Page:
Ted Simons: $182 million, k-12
Russell Pearce: Out of a $10 billion, this k-12 is a 10-billion total.
Ted Simons: But that's $190 hit.
Russell Pearce: It's a 2% reduction when other agencies had a 10-15% reduction.
Ted Simons: You did --
Russell Pearce: Absolutely.
Ted Simons: You think you did protect education?
Russell Pearce: I know we did, it was a priority with all of our members and I know we did. And we protected public safety which was a priority. And with the budget as it is with much the federal dollars that tie your hands. Some voter initiatives that increases that are automatic and tie your hands. It was a feat nobody thought we would achieve. Even the governor doubted if we could get there. We did get there.
Ted Simons: The recall mentions healthcare for kids and those most in need and when this comes to ahcccs cuts they were pretty healthy, to coin a phrase here. Did you protect the healthcare needs of these folks?
Russell Pearce: Did we take responsible action, ought to be the word. Absolutely. Arizona has the richest healthcare system in the nation and you have to trim somewhere. If you think healthcare is expensive today, wait until it's free. We reduced for childless adults and also put reforms in there, the federal government, for accountability and transparency, co-pays, if you miss an appointment, we have $25 million a year we spend in ahcccs for non-emergency transportation. The term should be clear to you what it is. We know there's fixing that needs to be done. It's unsustainable, unaffordable. The level we're at.
Ted Simons: You talked about the people in your district know who you are and know everything about you. People in your district, do you think they expected you do to things -- we'll list things. Supporting senator Scott Bundgaard, that was controversial. You supported a guy who has a ---
Russell Pearce: Now lets get this straight here. I said even a senator has a right to a trial before you hang him. You know?
Ted Simons: Did you not support Senator Bundgaard?
Russell Pearce: I waited until the facts were out. The truth is he has a right to have the case heard. Nobody knew the facts or seen a police report. You know, Scott -- I've known Scott Bundgaard a long, long time. I know him to be a good man. I wasn't there when this happened and saddened by the events and hope and pray that he get through it. If he’s innocent, he’s exonerated. If he's guilty, there's accountability that has to take place.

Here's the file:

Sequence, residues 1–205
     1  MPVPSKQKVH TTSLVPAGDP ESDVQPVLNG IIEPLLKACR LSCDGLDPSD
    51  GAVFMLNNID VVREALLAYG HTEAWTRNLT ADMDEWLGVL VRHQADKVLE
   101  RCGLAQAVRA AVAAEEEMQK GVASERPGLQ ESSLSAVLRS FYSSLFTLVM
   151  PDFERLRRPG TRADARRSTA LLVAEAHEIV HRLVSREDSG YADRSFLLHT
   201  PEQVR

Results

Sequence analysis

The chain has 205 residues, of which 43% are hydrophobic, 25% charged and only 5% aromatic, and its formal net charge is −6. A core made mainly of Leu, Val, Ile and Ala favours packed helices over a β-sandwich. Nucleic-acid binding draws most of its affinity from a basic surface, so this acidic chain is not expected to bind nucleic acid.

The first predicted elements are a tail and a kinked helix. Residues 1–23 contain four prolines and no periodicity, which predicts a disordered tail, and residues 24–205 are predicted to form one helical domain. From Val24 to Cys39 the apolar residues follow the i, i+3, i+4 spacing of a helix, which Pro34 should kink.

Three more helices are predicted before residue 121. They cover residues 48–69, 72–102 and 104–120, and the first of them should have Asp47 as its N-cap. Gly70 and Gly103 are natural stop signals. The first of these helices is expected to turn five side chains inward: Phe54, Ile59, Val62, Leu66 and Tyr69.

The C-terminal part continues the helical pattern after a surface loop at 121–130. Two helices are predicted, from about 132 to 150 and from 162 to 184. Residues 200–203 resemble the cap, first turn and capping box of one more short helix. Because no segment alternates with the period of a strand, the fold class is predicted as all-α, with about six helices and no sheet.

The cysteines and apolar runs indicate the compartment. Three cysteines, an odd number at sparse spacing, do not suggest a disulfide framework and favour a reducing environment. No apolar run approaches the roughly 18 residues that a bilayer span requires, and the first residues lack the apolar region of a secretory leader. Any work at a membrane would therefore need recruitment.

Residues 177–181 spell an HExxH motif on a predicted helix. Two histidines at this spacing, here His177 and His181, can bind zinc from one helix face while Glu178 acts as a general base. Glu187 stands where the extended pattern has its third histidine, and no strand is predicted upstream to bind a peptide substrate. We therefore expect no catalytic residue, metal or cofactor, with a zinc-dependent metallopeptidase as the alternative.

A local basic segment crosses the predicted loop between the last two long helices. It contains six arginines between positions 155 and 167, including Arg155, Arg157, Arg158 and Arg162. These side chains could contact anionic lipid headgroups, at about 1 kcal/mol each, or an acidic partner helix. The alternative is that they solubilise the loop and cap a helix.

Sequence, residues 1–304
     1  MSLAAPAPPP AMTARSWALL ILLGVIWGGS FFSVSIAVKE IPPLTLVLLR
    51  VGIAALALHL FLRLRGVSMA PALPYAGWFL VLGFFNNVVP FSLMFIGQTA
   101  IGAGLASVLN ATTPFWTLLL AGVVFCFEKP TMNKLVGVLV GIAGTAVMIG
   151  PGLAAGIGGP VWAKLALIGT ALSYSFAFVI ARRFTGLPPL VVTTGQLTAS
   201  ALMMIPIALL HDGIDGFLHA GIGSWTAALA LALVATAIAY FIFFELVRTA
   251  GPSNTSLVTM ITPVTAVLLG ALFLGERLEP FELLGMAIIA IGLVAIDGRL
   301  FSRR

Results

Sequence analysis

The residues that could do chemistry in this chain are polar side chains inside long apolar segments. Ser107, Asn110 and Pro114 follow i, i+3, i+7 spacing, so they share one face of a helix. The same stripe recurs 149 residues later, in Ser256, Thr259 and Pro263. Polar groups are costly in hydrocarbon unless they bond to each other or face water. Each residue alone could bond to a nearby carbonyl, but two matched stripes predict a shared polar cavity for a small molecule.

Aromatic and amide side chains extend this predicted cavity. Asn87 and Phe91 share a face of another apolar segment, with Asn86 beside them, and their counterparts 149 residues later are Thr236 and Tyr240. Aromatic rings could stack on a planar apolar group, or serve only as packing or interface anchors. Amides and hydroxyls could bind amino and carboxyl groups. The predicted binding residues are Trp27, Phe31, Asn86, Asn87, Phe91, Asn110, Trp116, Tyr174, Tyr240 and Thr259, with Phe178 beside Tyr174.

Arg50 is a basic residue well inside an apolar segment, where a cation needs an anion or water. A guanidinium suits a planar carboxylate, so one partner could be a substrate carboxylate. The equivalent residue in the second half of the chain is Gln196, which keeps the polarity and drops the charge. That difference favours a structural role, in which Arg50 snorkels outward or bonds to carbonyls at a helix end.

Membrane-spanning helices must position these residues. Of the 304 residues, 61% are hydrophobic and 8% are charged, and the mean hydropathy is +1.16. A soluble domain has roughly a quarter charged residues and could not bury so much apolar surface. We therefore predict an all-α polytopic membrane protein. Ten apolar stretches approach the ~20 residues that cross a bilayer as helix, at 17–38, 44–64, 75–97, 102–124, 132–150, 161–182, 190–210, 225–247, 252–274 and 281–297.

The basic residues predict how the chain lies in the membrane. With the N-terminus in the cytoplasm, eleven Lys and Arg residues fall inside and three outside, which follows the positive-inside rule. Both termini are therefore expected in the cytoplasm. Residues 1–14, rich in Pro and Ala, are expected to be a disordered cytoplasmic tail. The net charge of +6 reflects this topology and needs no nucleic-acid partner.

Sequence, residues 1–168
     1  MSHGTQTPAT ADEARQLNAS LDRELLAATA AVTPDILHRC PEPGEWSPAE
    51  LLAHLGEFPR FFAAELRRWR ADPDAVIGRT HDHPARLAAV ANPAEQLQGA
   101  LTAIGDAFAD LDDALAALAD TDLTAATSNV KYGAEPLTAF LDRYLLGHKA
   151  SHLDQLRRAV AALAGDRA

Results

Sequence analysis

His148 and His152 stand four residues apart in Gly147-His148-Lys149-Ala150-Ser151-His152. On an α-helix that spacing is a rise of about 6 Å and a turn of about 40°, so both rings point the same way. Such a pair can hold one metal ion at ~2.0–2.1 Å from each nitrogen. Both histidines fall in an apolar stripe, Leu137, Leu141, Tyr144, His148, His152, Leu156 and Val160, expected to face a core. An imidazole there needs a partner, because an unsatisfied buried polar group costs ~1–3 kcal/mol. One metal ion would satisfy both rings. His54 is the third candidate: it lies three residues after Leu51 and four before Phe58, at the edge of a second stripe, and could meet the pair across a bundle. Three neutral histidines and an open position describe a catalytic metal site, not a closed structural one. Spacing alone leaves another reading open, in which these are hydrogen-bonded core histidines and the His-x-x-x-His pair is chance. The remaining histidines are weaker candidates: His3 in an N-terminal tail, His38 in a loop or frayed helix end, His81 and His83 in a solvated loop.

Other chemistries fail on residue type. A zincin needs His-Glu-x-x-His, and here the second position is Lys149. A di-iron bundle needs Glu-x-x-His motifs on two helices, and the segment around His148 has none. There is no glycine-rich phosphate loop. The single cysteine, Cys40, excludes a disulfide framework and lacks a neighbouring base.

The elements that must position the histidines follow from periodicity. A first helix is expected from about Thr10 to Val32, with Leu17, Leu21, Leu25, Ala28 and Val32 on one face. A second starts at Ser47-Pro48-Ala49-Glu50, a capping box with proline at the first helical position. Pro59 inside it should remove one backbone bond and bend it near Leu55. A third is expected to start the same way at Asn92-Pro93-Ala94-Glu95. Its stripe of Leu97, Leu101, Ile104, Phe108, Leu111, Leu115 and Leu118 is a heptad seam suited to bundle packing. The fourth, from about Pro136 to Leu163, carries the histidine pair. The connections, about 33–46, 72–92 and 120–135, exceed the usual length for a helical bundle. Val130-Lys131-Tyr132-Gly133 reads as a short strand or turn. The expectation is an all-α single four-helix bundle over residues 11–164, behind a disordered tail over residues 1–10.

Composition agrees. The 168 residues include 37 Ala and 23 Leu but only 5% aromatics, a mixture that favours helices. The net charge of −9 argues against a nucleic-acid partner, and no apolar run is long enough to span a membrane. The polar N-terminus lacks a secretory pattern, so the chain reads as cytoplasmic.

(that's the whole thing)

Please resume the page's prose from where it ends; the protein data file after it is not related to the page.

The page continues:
Ted Simons: Do you think the voters were voting for a guy who would get take the lead.
Russell Pearce: Media comes onto me on this. I didn't take the lead -- you know, just a little honesty would be nice from the media every once in a while. They love to put me in front of every parade. They came to me about Scott Bundgaard, a friend. I said, hang on, he has a right to a trial before you jump to conclusions, that's all I ask. Like any U.S. Citizen has a right to a trial.
Ted Simons: Something else that happened after the election, those are for the recallers, saying this is not necessarily what the people in your district voted for. The Fiesta Bowl--
Russell Pearce: Those aren't the people in my district, but anyway --
Ted Simons: They will get a chance, but --
Russell Pearce: Sure.
Ted Simons: The Fiesta Bowl revelations. Those were not out before the campaign, before the election. Do you think that kind of a person represents that district.
Russell Pearce: Yeah. The way the media portrays it, it's a difficult issue. None of us -- about 25 legislators that participated in working to bring a national championship game here. We didn't ask to go. They asked us to go. And I have reports to show that. Even newspaper reports admit that they were back then, before they became controversial. We work hard and I love the Fiesta Bowl, it's our non-profit charity. Now what went on behind the scenes, we had nothing to do with, can’t make up for that, can't address that. Those allegations need to be dealt with. But every one of us sought legal advice before we went, including me. I can tell you some that I know of have in the legal advice I got from house counsel, these are legal legitimate trips and educational trips to benefit – to bring a national championship game to Arizona.
Ted Simons: But you had to amend your reports. You had to --
Russell Pearce: Good point.
Ted Simons: An the ’05 navy game became the '07 game --
Russell Pearce: No, that was a transposing of dates. None the information changed. None of the information changed. I went --
Ted Simons: The Fiesta Bowl says they never wanted you to present a donation check. Never asked you to do that.